You may be able to tell that the tide was coming in and there was just enough water that Mr. Smiley-pants “It’s too cold to get my feet wet” JohnBoy didn’t venture out on to the islet to see the lighthouse up close.  I will be in the area a few days and will have other photos in a future post.


Focus on the Ibis at Tule Lake Wildlife Refuge

I saw lots of these on both Saturday and Sunday out at the Refuge.  At first I thought they were just black birds with long legs and a very long curved beak, but once I managed to get close to a few of them, and in varying sunlight, I discovered they are actually very colorful in their own way:











And I was FINALLY able to capture a decent photograph of several of them in flight!  Patience, 007, patience….


More Birds at Tule Lake National Wildlife Refuge

Sunday I spent about 6 hours out at the Wildlife Refuge which is just north of the Lava Beds National Monument in Northeastern California.  I had pretty good luck the day before getting some pictures of various birds and thought I’d try again.  I was able to capture quite a few different ones than I had seen previously.

I had intended to post these last night but with the excitement of the wildfire which developed while I was in Redding Monday afternoon and evening I kind of got distracted.

These are Black Necked Stilts.  They are not very big but have very long legs which stick out behind them when they fly so they almost look like small herons.  I saw lots of these both days I was out at the Refuge.



This is a White Crane, different from the White Heron I posted pictures of on Saturday.




And I always thought the American White Pelicans are pretty much all white but the ends of their wings are actually black, as seen in these two photos:



I am particularly excited that I got these pictures.  This is an American Avocet.  I only saw two of them (and I don’t mean the reflection).




These are American Coots.  I only saw these two, swimming away from me.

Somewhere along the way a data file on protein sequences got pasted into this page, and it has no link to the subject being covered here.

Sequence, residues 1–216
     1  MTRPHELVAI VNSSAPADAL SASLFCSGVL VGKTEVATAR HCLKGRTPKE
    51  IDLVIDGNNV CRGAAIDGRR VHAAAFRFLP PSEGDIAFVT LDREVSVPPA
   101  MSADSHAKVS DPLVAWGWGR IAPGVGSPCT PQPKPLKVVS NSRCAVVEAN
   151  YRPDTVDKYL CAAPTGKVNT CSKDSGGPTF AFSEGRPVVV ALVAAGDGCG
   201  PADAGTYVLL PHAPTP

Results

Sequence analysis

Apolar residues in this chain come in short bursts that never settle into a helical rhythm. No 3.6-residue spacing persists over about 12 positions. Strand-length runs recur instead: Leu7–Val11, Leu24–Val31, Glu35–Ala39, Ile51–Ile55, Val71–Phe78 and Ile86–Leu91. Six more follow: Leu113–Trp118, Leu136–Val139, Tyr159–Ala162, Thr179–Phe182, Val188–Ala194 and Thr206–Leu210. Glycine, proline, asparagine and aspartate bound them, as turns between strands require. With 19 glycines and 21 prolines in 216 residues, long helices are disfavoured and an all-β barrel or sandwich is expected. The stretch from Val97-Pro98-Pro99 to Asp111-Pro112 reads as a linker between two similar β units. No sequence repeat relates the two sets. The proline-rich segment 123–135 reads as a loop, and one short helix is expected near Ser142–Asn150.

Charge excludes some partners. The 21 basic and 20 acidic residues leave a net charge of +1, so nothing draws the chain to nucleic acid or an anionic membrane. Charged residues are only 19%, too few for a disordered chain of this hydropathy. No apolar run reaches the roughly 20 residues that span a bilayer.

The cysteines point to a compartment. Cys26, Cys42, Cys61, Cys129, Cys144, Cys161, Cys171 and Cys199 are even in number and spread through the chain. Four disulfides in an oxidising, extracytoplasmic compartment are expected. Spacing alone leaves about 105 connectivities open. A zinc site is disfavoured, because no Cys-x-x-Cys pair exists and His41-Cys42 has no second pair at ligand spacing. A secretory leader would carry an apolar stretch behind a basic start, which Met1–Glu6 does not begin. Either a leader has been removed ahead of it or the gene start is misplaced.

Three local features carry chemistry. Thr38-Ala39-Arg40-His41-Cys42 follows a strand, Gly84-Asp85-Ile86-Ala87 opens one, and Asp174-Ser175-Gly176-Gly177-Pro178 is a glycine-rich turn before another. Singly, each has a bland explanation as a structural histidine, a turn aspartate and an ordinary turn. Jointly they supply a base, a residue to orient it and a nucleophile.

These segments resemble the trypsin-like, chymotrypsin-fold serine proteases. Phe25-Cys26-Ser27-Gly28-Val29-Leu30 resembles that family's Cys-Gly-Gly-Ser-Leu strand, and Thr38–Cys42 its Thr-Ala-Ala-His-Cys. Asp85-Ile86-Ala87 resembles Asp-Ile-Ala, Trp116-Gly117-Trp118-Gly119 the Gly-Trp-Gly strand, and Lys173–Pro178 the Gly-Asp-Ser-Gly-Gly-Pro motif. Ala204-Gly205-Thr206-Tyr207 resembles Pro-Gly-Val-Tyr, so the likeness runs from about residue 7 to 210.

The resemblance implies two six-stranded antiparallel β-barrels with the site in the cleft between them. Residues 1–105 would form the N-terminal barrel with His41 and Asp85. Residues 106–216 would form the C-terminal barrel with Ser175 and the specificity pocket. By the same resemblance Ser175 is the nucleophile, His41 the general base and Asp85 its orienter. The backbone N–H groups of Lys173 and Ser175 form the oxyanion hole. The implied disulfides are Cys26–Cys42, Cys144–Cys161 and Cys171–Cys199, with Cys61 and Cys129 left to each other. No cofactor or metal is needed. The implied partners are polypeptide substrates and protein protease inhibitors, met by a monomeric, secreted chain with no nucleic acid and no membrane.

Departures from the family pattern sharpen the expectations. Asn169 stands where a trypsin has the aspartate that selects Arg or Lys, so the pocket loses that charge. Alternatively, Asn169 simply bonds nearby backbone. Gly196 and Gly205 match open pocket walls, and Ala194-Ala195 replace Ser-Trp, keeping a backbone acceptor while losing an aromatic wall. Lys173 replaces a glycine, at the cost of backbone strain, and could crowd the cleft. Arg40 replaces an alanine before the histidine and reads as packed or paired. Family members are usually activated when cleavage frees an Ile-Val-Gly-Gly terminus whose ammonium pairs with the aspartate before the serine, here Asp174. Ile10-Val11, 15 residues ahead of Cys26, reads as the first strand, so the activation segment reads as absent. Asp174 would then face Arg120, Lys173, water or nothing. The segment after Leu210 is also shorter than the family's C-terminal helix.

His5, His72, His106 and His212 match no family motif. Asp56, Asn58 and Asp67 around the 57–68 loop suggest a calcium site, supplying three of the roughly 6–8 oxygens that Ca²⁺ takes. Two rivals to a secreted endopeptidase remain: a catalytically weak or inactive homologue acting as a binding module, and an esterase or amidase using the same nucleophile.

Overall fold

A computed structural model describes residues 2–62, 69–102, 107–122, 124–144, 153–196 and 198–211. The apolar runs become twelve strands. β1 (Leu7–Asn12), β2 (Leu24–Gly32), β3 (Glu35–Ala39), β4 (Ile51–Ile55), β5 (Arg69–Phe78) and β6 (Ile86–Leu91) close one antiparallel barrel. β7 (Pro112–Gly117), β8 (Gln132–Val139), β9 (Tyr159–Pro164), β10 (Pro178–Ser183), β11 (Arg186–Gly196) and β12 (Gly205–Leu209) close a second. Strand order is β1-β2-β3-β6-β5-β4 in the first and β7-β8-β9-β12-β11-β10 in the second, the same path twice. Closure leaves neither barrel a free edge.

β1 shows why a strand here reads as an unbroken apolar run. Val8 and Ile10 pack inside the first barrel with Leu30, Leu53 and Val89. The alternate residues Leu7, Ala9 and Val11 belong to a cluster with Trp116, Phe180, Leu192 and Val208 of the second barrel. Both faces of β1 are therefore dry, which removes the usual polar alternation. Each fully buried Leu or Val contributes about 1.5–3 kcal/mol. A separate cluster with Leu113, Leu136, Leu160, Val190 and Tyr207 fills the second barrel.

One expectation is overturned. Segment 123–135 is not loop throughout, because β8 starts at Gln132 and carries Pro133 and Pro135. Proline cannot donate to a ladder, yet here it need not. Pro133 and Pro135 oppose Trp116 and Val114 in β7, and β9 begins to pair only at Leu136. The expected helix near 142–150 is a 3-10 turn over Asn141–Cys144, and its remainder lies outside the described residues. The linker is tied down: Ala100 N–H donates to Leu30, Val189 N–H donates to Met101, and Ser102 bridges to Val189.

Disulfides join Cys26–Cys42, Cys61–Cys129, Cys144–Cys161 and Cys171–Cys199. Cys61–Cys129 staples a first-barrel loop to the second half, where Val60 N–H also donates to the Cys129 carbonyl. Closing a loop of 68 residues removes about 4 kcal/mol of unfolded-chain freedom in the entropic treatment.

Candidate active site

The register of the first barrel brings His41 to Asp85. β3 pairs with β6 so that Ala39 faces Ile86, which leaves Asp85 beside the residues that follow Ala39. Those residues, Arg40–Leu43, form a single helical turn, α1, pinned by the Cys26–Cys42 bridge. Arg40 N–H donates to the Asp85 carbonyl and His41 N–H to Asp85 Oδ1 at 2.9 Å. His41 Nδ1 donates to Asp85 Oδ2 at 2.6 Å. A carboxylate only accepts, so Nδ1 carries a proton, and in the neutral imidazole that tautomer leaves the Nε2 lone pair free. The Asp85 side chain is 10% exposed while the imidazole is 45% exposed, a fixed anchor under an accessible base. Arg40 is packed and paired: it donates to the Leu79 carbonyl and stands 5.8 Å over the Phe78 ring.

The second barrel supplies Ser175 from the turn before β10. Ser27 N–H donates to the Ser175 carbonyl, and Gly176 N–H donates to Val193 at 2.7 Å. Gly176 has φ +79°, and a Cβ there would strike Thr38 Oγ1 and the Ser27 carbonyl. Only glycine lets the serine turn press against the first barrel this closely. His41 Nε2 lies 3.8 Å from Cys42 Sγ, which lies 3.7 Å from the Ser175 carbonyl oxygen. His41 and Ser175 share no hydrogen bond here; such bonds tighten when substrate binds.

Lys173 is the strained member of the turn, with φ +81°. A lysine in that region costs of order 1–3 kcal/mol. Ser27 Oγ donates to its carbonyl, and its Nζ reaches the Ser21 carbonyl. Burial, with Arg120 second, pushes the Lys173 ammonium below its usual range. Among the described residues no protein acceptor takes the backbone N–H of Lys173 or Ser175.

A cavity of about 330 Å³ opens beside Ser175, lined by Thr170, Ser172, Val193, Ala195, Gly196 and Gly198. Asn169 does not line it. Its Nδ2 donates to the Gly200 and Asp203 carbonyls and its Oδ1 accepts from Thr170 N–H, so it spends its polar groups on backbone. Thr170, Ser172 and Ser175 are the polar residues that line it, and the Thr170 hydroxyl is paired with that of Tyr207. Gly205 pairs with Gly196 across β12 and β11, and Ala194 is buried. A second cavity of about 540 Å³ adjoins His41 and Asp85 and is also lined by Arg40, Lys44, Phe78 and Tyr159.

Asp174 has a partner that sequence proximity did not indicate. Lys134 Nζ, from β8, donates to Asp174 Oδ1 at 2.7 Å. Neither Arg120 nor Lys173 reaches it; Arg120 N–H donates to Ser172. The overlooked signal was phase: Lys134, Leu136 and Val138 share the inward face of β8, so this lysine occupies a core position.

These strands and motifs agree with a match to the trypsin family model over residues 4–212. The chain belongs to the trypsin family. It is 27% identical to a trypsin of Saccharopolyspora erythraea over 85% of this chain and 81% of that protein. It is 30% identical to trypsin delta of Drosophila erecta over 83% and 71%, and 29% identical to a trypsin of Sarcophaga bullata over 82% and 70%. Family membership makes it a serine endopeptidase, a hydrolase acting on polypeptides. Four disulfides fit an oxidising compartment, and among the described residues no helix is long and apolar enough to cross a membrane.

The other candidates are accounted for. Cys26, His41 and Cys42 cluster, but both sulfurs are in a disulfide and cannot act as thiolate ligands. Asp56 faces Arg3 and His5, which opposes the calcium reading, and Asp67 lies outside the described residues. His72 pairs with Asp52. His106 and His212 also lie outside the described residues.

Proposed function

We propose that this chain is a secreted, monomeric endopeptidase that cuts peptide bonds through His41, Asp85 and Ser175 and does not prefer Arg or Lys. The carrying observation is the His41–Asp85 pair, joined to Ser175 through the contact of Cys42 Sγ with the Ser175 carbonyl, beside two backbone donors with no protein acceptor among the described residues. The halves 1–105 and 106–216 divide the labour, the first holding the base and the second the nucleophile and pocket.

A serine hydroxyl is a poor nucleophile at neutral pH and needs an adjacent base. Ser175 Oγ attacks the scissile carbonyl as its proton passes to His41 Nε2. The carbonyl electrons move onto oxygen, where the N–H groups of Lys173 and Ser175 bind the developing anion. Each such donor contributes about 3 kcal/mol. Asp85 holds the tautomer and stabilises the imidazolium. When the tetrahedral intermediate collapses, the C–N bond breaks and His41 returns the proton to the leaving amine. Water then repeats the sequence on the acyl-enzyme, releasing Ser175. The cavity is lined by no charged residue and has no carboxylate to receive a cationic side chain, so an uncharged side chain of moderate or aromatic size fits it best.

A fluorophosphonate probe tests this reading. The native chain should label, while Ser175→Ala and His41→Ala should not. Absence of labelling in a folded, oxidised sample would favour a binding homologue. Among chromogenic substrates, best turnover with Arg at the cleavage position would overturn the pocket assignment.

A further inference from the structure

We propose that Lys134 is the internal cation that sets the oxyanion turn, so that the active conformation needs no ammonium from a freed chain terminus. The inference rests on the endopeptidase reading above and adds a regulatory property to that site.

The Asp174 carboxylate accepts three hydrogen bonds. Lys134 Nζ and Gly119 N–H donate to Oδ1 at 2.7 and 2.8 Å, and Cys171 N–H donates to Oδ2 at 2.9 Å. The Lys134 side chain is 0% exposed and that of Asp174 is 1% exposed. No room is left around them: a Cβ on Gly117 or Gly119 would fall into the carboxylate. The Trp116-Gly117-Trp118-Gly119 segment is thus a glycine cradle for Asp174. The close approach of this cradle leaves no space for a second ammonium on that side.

Saturday I saw Western Grebe’s (with the red eyes).  I saw lots more of them on Sunday but also saw some of these, which are Eared Grebes (again, with red eyes).


I believe this was a baby Eared Grebe, which seemed to be hanging out with a male and a female (probably the proud parents).


I saw several groups of Male/Female/Baby Eared Grebes in one particular area of the Refuge.  Sometimes the babies were riding on Momma’s back (there are actually two riders in each of these next two photos):



These are Yellow Headed Blackbirds:



And with the help of my Airbnb hostess in Klamath Falls I have learned that this is a Black-Crowned Night-Heron.  She thinks I am very lucky to have seen this because they are not very plentiful.




She also told me this is a Kildeer, which was quite vocal:





This was a huge flock of American White Pelicans floating on the water way out in one of the big lakes at the Refuge.  This is how they often feed – they’d float in a big group or circle and flap their wings in the water which attracts fish, which they then scoop up with their bills.  I watched with my binoculars and could see lots of water being splashed up in the air.


Finally, I believe this is a Great Blue Heron which I was able to catch in flight as it flew away from the shore where it had been standing.  The photo I have of it standing on the shore isn’t very good as it was taken through the windshield of my car (it had already flown further away from me once as I approached in the car).


Another bird I saw on Sunday was an Ibis (and I saw lots of them).  I took lots of pictures, including closeups of their feathers, heads and eyes and will post them separately.